It isn’t often these days that a major phone company manages to sneak out a new product without its image and spec being plastered all over the internet days before. So congrats to Nokia which today which unveiled a stunning new music handset, the X6, which took even the Finnish giants most seasoned observers by surprise.
The X6 is a cool little phone. The successor to the much derided 5800 XpressMusic Comes With Music handset is a real corker and is exactly the type of product the company should have used to debuts its music service.
It not only looks the dogs and boasts the now requisite 3.2inch touch screen, it also has 32 Gigabytes of storage on board, packs a five mega pixel camera and has 35 hours of music playing battery life. The phone also includes access to Nokia’s Ovi – its equivalent of the iTunes app store – and is ready to sync with Facebook too via a Lifecasting with Ovi feature. This basically lets you publish your location and status updates directly to Facebook from the phone.
Overall this looks like a phone from a company that has found its mojo again.
What went wrong with Comes With Music?
The big question though is – is it too late for Nokia to save Comes With Music? In case you missed it/got confused by the concept and you truly aren’t alone, Comes With Music is a system that gives the user access to over four million tracks for free. The user can download the tracks and then store them on the phone and on one PC. When the deal for the phone is over the tracks will still play on the phone and the PC, but nowhere else. The money for the tracks is included in the cost of the phone which, for handsets like the 5800, is a little on the high side.
However Comes With Music has so far been a bit of a disaster. By April Nokia had only grabbed 23,000 subscriptions in the UK, which, given the marketing budget and the expense of getting all those music companies on board, is a pathetic effort.
In my opinion Nokia made two huge mistakes when it launched Comes With Music. Firstly its advertising was awful. All those billboard ads were very confusing and in no way helped drive customers to what is actually not a bad service.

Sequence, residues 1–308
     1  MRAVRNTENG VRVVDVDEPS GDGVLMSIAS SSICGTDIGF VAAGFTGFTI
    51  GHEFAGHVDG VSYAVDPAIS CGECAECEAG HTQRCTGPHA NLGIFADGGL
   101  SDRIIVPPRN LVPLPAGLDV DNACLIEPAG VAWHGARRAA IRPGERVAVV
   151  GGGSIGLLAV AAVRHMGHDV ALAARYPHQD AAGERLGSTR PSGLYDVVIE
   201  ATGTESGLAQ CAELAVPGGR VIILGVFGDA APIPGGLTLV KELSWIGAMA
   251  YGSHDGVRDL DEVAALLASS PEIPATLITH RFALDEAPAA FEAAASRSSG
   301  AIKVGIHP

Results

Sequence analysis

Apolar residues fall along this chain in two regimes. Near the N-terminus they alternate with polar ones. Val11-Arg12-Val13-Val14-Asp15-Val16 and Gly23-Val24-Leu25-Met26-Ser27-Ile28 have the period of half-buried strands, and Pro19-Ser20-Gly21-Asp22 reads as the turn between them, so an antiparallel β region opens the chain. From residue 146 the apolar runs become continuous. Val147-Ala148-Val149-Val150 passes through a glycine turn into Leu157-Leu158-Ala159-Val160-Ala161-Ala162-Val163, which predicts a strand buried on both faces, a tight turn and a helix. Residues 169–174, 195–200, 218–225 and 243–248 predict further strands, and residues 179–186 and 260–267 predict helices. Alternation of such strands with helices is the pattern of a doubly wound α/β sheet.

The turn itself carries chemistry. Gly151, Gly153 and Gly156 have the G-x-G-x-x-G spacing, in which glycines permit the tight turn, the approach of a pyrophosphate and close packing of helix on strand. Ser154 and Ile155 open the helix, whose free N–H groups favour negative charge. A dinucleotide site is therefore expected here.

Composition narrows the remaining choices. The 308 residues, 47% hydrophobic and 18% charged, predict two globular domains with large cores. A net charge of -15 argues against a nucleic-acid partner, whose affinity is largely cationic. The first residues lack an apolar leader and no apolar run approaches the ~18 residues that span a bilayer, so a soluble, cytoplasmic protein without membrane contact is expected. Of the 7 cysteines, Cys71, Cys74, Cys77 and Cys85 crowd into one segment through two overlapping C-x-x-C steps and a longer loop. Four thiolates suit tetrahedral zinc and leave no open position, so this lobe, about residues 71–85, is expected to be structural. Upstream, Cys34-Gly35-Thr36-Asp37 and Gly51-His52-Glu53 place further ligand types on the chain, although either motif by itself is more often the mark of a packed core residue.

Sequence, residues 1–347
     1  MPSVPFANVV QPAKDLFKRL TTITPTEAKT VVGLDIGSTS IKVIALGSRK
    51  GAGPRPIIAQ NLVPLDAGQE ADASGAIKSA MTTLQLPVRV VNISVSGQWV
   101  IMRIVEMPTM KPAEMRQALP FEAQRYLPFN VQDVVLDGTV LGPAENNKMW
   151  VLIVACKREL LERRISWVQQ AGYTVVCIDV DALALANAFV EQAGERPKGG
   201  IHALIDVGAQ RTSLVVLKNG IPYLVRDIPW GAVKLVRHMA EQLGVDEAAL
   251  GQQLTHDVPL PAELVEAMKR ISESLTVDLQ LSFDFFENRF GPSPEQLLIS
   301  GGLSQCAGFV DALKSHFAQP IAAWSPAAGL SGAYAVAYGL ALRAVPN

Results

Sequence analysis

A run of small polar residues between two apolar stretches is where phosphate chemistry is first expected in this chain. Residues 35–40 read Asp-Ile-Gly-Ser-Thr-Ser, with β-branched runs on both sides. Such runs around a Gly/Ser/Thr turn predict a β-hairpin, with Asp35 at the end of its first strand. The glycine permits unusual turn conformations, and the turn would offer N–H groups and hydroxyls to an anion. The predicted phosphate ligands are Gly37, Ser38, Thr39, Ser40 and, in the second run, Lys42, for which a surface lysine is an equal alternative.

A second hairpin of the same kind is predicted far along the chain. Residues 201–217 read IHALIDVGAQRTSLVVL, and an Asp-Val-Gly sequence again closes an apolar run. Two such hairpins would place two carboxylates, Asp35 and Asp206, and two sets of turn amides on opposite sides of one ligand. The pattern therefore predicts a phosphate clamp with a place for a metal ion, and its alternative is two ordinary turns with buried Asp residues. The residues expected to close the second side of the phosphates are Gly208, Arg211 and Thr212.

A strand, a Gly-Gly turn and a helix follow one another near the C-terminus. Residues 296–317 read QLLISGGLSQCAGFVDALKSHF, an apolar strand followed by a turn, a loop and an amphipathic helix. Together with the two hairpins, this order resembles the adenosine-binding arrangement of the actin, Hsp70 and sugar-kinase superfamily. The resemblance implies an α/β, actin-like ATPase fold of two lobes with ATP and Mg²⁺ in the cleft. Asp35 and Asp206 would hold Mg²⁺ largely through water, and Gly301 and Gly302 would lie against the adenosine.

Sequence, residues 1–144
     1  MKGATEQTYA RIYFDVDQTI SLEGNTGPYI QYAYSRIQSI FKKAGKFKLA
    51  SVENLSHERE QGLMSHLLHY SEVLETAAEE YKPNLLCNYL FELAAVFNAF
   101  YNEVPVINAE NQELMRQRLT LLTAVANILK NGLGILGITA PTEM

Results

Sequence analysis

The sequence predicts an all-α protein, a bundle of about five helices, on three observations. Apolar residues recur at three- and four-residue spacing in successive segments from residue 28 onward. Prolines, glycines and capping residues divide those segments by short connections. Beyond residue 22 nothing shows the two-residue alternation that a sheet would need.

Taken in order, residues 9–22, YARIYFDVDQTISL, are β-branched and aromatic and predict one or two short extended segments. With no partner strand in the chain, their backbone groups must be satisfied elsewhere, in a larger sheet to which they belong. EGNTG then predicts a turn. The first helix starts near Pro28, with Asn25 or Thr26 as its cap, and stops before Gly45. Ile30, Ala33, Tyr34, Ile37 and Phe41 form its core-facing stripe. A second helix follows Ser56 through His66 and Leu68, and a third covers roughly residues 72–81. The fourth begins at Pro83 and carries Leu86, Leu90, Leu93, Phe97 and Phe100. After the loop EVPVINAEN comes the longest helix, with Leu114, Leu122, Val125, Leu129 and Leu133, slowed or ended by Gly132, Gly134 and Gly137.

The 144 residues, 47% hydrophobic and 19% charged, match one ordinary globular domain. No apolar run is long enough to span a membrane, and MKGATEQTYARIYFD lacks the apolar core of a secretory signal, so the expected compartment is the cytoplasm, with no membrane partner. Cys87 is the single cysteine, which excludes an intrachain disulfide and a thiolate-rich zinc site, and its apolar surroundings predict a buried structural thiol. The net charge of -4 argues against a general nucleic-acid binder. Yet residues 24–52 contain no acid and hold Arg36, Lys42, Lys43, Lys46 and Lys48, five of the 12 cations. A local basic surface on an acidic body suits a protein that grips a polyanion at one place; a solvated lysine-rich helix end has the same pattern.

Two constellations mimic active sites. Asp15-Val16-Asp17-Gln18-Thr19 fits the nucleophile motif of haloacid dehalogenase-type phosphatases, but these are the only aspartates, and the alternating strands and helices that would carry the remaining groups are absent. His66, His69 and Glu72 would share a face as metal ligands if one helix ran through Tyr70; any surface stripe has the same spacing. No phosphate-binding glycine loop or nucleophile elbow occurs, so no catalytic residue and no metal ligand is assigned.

More importantly Nokia failed to realise that the only way it could get smart kids to buy into a new and innovative service is that it needed to deliver a ground breaking, uber cool, feature-packed handset – not the rather square and under specified 5800. Surely Nokia should have made an ultra desirable handset first, then got the early adopters raving about the service. This then would have given Comes With Music momentum.
The good news for Nokia, anyhow, is that the X6 is an infinitely better partner for Comes With Music than the 5800. It not only looks the part, but its 32 Gigabytes of storage means that people can store a lot of tunes on their phone. With the 5800 not only do you have to invest in expensive microSD memory stick to turn your phone into a MP3 player, but that card also puts a serious drain on battery power which will limit your web surfing and video watching.
Of course a desirable handset doesn’t completely compensate for Comes With Music’s number one weakness – the DRM that it is built on. At present you can keep any tracks you download, but only play them on the Comes With Music handset and on one PC. It all gets a bit too confusing if you have multiple PCs and music players.
Nevertheless good to see that Nokia has at least addressed one of the big issues surrounding its Comes With Music service. I think it may be too late for Comes With Music to make any impact in the US, but if Nokia can get the marketing right then maybe the service might generate some love for the company in Europe in the next year or so.
Nokia 5800 preview
Why hasn’t Comes With Music succeeded in the UK?